You have a table and want to see only rows that satisfy a specific condition.

Use the WHERE clause to specify which rows to keep. For example, to view all employees assigned to department number 10:

1 select *
2   from emp
3  where deptno = 10

The WHERE clause allows you to retrieve only rows you are interested in. If the expression in the WHERE clause is true for any row, then that row is returned.

Most vendors support common operators such as: =, <, >, <=, >=, !, <>. Additionally, you may want rows that satisfy multiple conditions; this can be done by specifying AND, OR, and parenthesis .


You have a table and want to see all of the data in it.

Use the special “*” character and issue a SELECT against the table:

1 select *
2 from emp

The character “*” has special meaning in SQL. Using it will return every column for the table specified. Since there is no WHERE clause specified, every row will be returned as well. The alternative would be to list each column individually:

select empno,ename,job,sal,mgr,hiredate,comm,deptno
from emp
In ad hoc queries that you execute interactively, it’s easier to use SELECT *. However, when writing program code it’s better to specify each column individually. The performance will be the same, but by being explicit you will always know what columns you are returning from the query. Likewise, such queries are easier to understand by people other than yourself (who may or may not know all the columns in the tables in the query).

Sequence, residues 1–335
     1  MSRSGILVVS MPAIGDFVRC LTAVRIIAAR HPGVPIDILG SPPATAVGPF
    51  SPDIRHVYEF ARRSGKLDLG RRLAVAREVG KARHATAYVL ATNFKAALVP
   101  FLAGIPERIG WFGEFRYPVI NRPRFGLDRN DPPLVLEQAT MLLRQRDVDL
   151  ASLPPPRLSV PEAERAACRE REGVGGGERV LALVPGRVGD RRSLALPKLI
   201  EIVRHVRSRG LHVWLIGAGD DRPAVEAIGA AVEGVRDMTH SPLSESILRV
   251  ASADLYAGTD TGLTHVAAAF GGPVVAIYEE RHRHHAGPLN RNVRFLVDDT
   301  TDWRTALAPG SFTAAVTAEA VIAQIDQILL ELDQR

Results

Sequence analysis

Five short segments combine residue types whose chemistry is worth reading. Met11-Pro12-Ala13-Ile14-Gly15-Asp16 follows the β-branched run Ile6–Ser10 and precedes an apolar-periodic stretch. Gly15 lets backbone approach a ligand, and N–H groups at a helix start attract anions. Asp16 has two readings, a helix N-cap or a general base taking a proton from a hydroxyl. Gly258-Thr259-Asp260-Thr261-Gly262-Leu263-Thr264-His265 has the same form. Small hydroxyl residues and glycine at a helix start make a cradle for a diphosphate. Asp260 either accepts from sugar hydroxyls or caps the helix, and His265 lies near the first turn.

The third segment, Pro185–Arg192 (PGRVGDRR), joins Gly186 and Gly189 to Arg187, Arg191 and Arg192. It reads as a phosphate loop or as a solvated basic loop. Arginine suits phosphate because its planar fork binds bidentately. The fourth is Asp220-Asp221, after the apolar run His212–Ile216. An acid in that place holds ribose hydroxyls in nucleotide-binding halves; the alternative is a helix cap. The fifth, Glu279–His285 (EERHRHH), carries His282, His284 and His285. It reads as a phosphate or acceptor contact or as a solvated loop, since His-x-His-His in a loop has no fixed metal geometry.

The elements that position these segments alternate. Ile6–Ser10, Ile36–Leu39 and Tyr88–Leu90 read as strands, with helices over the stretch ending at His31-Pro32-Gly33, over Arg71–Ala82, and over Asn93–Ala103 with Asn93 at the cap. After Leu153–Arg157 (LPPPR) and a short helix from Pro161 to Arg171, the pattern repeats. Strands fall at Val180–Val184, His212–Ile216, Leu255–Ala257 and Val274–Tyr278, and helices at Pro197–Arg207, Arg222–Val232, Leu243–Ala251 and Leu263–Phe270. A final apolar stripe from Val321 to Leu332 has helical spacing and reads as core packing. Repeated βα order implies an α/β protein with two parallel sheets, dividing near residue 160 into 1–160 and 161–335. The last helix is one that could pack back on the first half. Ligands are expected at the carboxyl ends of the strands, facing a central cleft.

Discovering Islam…

17 October, 2006




[Akbar Ahmed : The Ibn Khaldun Chair of Islamic Studies and Professor
of International Relations, American University, Washington, D.C.]


The images of Islam prevalent in the world are of brutality, fanaticism, hatred and disorder: Libyans killing policewomen in London, Palestinians hijacking passenger planes, Iranians seizing foreign embassies and Indonesians blowing up the Borobudur temple in Java. The very names of the Muslim leaders of our times—Khomeini, Gaddafi, Arafat—have become symbols of these images. It is V.S.Naipaul’s vision of Islam and Muslims (Among the Believers: An Islamic Journey, 1981): ‘Rage was what I saw…Muslims crazed by their confused faith.’


These images stem partly from a lack of understanding of Islam among non-Muslims and partly from the failure by Muslims to explain themselves. The results are predictable: the hatred feeds on hatred. I saw ‘kill a Muslim for Christmas’ written in the London underground stations. Following a nuclear holocaust, American science fiction writer Robert Heinlein has the white survivors enslaved, men castrated and baby girls eaten by Black Muslims, neatly fusing religious and racial prejudices (Farnham’s Freehold, first published in the 1960s). The Muslim leaders, hated and despised, are reduced to Walt Disney villains: ‘Kho Maniac, Wacky Kaddafi, Yucky Arafat’ (‘Garbage pail adults’, MAD, back cover, September 1986). The repugnance is contagious. Even the staid London Economist is not immune and panders to the stereotype: ImamKhomeini was ‘Savonarola’ and Colonel Gaddafi ‘the Devil’s godfather’ on its covers. The colours, red and black, were striking and indicated hell; both men appeared minatory and forbidding.

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If you forget a password for your user on your Windows system (especially if the user is administrator), your computer immediately becomes a paperweight. It’s like being locked out of your car without a spare set of keys and without a way to contact a locksmith. Use Knoppix as your locksmith to reset the password to a new value or even completely erase it.